3. ^ June 14 2011 interview on the Dennis Prager Show
  4. ^ The Nation: Vince Bugliosi bio
  5. ^ Bugliosi, Vincent (1996). Outrage: The Five Reasons Why O.J. Simpson Got Away with Murder. New York: W.W. Norton & Co. 356 pgs. ISBN 978-0393040500.
  6. ^ Petievich, Gerald (July 6, 1996). "Simpson Prosecution Guilty of Incompetence?". Los Angeles Times. Retrieved June 9, 2015.
  7. ^ Bennet, James (March 11, 1998). "Testing of a President". The New York Times. Retrieved January 21, 2014.
  8. ^ Bugliosi, Vincent (February 5, 2001). "None dare call it treason". The Nation.
  9. ^ The Prosecution of George W. Bush for Murder: About The Author
  10. ^ a b c d The Prosecution of George W. Bush for Murder ISBN 978-1-59315-481-3(2008) Acknowledgments
  11. ^ "Mystery Writers of America Announces the 2008 Edgar Award Winners". May 1, 2008. Retrieved May 2, 2009.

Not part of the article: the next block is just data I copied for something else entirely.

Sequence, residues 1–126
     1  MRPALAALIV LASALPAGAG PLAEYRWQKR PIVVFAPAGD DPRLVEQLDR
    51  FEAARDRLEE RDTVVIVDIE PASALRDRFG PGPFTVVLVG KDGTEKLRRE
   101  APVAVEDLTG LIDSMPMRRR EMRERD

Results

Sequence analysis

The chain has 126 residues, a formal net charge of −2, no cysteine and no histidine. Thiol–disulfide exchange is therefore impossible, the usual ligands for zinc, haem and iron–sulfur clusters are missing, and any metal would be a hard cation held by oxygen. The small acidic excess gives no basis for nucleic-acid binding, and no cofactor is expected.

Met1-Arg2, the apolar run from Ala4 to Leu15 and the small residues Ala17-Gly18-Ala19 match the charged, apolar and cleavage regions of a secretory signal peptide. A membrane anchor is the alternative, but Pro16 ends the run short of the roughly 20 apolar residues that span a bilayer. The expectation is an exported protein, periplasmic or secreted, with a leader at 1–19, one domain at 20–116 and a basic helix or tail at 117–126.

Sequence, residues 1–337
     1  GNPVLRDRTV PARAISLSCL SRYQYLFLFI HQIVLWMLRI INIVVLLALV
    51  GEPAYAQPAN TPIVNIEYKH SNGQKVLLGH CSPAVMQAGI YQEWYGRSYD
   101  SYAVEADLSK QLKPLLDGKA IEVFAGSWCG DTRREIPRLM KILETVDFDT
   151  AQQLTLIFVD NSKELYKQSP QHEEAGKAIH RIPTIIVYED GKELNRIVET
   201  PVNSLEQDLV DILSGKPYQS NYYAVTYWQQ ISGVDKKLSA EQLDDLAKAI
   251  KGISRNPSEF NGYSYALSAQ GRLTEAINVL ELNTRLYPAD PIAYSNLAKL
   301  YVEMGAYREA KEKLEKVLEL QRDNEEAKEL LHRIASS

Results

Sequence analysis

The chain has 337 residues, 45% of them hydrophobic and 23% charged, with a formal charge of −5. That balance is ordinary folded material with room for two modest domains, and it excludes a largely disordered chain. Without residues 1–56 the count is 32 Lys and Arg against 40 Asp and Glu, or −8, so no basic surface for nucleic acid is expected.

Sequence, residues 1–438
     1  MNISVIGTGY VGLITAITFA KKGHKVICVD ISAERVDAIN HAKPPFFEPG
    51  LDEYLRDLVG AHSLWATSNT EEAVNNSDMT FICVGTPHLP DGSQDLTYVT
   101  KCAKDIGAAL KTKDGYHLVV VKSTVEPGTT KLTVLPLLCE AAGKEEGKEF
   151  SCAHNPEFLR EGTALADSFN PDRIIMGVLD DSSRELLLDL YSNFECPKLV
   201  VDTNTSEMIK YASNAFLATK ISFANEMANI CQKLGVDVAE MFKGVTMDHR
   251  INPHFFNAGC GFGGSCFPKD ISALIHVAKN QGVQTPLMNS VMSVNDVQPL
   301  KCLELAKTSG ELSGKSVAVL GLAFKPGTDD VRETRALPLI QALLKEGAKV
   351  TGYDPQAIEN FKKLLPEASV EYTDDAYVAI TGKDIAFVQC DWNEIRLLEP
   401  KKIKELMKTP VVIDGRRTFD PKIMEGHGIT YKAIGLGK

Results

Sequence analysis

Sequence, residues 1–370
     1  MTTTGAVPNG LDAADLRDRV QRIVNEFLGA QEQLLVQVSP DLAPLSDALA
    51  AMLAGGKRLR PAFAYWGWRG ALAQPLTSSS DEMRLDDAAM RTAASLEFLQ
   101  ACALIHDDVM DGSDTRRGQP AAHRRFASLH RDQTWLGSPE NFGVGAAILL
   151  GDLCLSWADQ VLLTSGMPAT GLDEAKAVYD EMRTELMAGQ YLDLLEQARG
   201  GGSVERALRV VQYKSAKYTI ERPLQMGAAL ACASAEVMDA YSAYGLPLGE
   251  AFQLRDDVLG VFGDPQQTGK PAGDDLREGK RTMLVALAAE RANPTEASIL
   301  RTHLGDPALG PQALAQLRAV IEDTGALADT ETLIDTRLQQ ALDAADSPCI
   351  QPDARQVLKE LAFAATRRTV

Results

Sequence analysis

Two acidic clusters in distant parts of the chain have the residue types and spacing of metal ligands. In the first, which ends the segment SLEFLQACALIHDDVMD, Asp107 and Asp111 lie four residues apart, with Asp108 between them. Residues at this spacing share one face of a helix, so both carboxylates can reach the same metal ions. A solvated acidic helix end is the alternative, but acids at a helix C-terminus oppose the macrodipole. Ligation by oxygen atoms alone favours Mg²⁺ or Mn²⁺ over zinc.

12. ^ Turner, William W.; Christian, Jonn G. (1978). The assassination of Robert F. Kennedy: a searching look at the conspiracy and cover-up, 1968–1978. Random House. ISBN 978-0-394-40273-4.
  13. ^ Noyes, Jack; Goff, Kelly (June 9, 2015). "Former LA Prosecutor Vincent Bugliosi Dies at 80". NBC4 Los Angeles – KNBC. Retrieved June 9, 2015.
  14. ^ Wilson, Scott. Resting Places: The Burial Sites of More Than 14,000 Famous Persons, 3d ed.: 2. McFarland & Company (2016) ISBN 0786479922

External linksEdit